Users of social media are constantly warned to watch what they reveal online. You never know who might read your postings, the argument goes — your grandmother, your boss, potential employers.
To that list of potential readers, you'll have to add the police, at least if you live in Britain.
Wired UK reports that London's Metropolitan Police, or Scotland Yard in popular parlance, has admitted the existence of a team dedicated to monitoring the social media postings of some 9,000 people for signs of political unrest.
The unit has 17 officers and uses what it calls Social Media Intelligence, or SocMint, to scan Facebook, Twitter, YouTube and other social media services 24 hours a day, Wired UK said, adding that the team is developing special tools to smooth the process.
As part of the Metropolitan Police, the unit has jurisdiction in all of England and Wales, and some jurisdiction in the legally distinct "countries" of Scotland and Northern Ireland.
At a security conference in Australia last month, a Scotland Yard official, Umut Ertogral, spoke freely during what he thought was a closed-door meeting.
Social media "almost acts like CCTV [closed-circuit television] on the ground for us, really," Ertogral said, according to the Australian Financial Review.
Etrogral is head of open-source intelligence at Scotland Yard's National Domestic Extremism Unit (NDEU), which means that his team mines publicly available information for home-grown British terrorists, fringe groups and politically motivated troublemakers.
Through a freedom-of-information request, the Guardian learned that the NDEU currently keeps track of at least 8,931 Britons suspected of being "domestic extremists."
"When there's a protest, people go out and record video, and we know two minutes later they'll be on YouTube," Etrogral reportedly said at the Australian conference. "And because people on the Internet are very silly, they'll say 'That's my mate Joe Bloggs.'"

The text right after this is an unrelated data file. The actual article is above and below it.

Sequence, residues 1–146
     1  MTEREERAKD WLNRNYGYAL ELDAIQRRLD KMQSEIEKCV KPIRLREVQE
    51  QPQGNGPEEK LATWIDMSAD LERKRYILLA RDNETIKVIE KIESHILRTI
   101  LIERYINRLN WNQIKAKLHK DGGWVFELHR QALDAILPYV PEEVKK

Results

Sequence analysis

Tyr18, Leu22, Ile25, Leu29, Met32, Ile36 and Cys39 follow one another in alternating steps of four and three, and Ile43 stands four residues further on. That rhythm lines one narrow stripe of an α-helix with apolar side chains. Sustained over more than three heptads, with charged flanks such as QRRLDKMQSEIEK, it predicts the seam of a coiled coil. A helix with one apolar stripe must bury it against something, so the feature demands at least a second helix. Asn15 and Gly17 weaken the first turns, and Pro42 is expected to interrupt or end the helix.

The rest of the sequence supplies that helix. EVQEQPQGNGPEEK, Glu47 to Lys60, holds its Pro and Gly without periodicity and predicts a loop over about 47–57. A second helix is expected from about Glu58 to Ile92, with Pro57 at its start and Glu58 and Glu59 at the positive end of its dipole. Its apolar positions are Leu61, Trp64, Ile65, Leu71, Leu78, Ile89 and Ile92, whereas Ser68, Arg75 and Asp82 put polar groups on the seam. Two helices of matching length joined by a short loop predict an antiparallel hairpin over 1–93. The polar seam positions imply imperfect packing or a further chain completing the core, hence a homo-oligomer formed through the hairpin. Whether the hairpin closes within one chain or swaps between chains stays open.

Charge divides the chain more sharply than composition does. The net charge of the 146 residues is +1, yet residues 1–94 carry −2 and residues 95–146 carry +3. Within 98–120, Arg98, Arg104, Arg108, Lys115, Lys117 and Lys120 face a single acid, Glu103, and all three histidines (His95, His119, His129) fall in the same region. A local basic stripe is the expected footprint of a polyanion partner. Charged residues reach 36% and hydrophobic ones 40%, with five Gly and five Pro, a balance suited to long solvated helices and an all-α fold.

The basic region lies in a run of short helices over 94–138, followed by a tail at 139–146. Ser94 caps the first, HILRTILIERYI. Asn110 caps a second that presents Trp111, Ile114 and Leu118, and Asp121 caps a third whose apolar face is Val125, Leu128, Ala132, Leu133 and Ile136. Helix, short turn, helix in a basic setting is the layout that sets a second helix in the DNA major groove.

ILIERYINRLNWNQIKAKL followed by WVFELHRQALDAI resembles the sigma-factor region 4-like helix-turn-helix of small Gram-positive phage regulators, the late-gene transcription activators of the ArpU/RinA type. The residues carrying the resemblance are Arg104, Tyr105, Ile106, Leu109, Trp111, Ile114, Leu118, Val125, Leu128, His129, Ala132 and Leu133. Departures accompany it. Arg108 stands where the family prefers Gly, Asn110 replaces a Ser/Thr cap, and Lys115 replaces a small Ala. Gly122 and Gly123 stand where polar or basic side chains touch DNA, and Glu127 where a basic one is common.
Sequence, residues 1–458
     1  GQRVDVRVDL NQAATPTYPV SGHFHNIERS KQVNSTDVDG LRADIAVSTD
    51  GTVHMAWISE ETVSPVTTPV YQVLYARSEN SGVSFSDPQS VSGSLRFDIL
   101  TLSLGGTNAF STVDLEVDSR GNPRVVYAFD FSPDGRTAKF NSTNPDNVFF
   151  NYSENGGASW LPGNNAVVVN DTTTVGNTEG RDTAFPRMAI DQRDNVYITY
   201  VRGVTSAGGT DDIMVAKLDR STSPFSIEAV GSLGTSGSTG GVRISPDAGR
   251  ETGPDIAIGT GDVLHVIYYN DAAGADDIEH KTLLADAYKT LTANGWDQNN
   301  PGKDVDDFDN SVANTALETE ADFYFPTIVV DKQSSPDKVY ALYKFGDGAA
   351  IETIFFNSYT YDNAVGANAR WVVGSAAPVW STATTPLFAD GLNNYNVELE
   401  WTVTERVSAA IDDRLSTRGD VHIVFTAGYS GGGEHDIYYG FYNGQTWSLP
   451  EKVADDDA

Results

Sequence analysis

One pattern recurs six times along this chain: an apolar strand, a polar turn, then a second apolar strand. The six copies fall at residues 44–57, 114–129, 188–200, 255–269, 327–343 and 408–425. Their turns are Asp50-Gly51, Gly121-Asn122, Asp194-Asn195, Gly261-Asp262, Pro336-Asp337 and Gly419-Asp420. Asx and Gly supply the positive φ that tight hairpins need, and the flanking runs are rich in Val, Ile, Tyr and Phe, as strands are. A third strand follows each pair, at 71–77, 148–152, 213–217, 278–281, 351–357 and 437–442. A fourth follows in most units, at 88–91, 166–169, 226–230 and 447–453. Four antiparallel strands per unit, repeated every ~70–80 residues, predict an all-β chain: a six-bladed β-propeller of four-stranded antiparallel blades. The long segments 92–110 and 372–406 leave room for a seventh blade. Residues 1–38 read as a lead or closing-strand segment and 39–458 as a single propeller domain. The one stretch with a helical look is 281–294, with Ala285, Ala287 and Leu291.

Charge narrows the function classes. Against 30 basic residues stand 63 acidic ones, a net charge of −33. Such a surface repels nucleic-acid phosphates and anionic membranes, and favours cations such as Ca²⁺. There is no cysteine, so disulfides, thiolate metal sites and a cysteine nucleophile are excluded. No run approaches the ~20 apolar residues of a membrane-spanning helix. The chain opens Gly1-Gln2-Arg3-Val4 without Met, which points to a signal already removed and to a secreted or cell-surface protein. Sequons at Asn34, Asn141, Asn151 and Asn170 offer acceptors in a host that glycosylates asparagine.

A spokesman for the Metropolitan Police confirmed the existence of the social-media unit to Wired UK, adding that it was necessary to "uphold the law and prevent and detect crime."
Some American police do the same thing, though perhaps less systematically. The New York City police department monitors the Facebook pages and Twitter postings of suspected gang members and juvenile petty criminals in case something incriminating gets posted — and it often does.
All of this is perfectly legal. It's using only data that people have already made public. In a way, it's no different from Googling the name of someone you've just met.
Not everyone, however, sees it that way.
"The perception with this kind of intelligence is that it's in the public domain, so it's no different from, say, searching through newspaper articles," Daniel Trottier, a researcher at the University of Westminster in London, told Wired UK.
"But this analysis shows a lack of familiarity with the technology involved," Trottier added. "With just a few statements from social media profiles, one is able to reasonably determine a user's sexual orientation," among other possibly private details.
Once again, the adage comes up — if you don't want your grandmother to see it, you don't want the police to see it either.
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